Unit Testing Static Methods of the Java Standard Library

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We’ve all been at a point where in we’re writing up test cases for our application and we encounter a static method from the java standard library being called. Everything goes downhill from there. Mockito would give you ambiguous error messages. Notice there is no reason shared as to why is it throwing a NullPointerException and this is at the time of mocking.

Prerequisites

This post does expect some familiarity with Unit testing using frameworks like Mockito . The code sample is in Java 8 and does require one to have an understanding about Functional Interfaces and Lambda functions in general. But it’s not something you would need in depth understanding of. If you’re not from a Java background, don’t worry the code is fairly straight forward and readable, so you would be able to follow along.

What about other frameworks?

That’s a fair question. What about PowerMock? While I was researching on the topic I came across the PowerMock git repo, which explicitly states:

Writing unit tests can be hard and sometimes good design has to be sacrificed for the sole purpose of testability.

It helps unit test these methods but I could never make my peace with using a whole framework for just a few usages here and there. If you’d rather use a framework instead, then there are a lot of frameworks and the most popular one is PowerMock.

The example

For the simplicity of the blog post, let’s assume you’re writing a method that gets a rootDirectory and a fileName. The method needs to return the contents of the file. Now if using Java you would use the java.nio.file.Files API to call a method called walk() to iterate through all files in the directory and then you would use the readAllBytes() method in the java.nio.file.Files to read the contents of the file. The overall code would look like

The problem is, the java.nio.file.Files.walk() method and java.nio.file.Files.readAllBytes() method are both static. This causes a problem in unit testing this code since, we would not be able to mock the responses of these methods.

Functional Interfaces to the rescue

What we can notice, is that we are using two methods walk() and readAllBytes() and we don’t quite need any other method which is a part of java.nio.file.Files class.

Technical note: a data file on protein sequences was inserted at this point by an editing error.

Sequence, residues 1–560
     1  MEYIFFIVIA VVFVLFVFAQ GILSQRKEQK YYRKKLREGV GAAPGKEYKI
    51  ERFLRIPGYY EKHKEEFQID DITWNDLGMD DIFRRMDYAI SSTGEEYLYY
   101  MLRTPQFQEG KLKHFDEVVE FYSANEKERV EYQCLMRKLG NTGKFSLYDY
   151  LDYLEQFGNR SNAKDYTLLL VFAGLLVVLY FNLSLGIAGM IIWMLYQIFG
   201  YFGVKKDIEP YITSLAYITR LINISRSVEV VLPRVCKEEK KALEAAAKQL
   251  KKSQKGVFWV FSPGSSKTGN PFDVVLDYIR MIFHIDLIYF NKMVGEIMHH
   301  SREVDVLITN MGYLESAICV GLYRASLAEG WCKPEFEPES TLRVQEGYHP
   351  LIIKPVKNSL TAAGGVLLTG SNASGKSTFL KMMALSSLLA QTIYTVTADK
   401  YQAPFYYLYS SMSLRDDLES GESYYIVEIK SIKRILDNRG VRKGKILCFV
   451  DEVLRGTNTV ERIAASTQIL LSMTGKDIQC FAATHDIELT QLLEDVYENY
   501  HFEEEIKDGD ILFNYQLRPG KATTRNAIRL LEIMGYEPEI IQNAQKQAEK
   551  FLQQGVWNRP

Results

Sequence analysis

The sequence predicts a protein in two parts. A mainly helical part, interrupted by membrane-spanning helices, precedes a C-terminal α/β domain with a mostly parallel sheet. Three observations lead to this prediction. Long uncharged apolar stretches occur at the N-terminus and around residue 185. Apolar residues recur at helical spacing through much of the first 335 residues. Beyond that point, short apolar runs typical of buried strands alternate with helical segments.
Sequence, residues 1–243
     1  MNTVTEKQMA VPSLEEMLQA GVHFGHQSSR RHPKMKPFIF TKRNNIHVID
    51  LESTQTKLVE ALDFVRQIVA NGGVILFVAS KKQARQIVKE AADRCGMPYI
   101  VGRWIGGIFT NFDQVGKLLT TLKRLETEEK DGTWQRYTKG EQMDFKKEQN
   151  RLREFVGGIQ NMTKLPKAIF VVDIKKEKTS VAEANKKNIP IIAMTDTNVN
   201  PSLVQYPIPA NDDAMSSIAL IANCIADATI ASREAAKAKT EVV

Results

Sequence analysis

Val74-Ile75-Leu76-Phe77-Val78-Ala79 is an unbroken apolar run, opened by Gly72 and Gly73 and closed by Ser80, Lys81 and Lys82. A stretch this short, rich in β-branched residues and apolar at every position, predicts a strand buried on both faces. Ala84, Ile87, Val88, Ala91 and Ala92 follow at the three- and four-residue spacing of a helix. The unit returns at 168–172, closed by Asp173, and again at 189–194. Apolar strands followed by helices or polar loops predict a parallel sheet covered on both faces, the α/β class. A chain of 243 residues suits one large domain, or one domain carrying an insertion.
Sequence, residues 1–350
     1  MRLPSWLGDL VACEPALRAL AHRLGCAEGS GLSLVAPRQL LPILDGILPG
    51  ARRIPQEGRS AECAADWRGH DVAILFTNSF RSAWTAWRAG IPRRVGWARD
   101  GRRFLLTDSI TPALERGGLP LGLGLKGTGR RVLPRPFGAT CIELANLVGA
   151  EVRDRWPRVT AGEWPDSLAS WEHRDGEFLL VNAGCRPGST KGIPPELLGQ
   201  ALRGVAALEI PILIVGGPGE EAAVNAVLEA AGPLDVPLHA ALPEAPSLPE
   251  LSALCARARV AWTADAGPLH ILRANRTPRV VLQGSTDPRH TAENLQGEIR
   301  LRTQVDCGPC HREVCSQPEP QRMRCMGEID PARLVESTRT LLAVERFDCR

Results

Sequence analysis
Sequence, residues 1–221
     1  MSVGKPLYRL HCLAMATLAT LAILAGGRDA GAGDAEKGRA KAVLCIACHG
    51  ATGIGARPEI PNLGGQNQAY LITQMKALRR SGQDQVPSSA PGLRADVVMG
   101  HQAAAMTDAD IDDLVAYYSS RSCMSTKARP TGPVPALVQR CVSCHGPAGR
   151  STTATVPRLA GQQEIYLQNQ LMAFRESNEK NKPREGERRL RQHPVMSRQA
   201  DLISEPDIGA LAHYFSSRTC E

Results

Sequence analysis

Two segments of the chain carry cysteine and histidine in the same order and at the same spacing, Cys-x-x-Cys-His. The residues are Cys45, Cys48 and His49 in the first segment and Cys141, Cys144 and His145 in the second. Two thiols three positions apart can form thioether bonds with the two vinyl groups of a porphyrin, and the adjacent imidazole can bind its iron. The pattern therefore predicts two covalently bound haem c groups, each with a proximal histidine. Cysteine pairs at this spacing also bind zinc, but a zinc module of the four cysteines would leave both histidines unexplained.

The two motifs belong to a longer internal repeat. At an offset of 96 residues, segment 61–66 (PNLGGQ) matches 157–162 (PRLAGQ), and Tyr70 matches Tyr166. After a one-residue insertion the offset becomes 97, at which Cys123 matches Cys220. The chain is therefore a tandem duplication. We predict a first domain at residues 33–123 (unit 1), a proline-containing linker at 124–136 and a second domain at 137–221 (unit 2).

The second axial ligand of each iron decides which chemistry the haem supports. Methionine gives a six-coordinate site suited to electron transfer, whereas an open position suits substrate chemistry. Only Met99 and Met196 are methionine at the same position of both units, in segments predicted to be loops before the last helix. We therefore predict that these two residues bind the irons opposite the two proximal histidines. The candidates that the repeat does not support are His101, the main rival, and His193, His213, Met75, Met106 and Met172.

The intuition is to create two functional interfaces, FileReader (reads all files in a directory) and ContentReader (reads the content of a single file) each doing one part of the process. Now instead of using java.nio.file.Files class, we inject the two Functional Interfaces using Constructor Injection.

Below is the updated code.

Now you can simply use Mockito to mock the dependencies using the @Mock and then use Mockito fluent syntax to mock the behaviour.

when(mockedFReader.fetchFilesInDirectory(any())).thenReturn(sample);

Why Functional Interfaces and not a Util class?

The answer is code coverage. Considering you create a new class and wrap the Files class methods, you still would have to deal with code coverage issues. Although, to test out your FileOperator class, you can mock dependency, you still have zero coverage on your Util class. Is that a good practice or not? is opinion based.

Also, using functional interfaces make it easier to inject dependencies especially when using a Dependency Injection framework like Spring.

Conclusion

In this blog post we looked at how to make the code that uses java standard library static methods, more testable.

I do not recommend you make Functional Interfaces for all your static methods because you can always refactor your code to make it more unit testable but when it comes to the java standard library, things become out of our hands.

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A Tech Enthusiast, develops software at Amazon, made a computer print “Hello World” once; didn’t leave software since. Such an obedient fella that computer 🖥️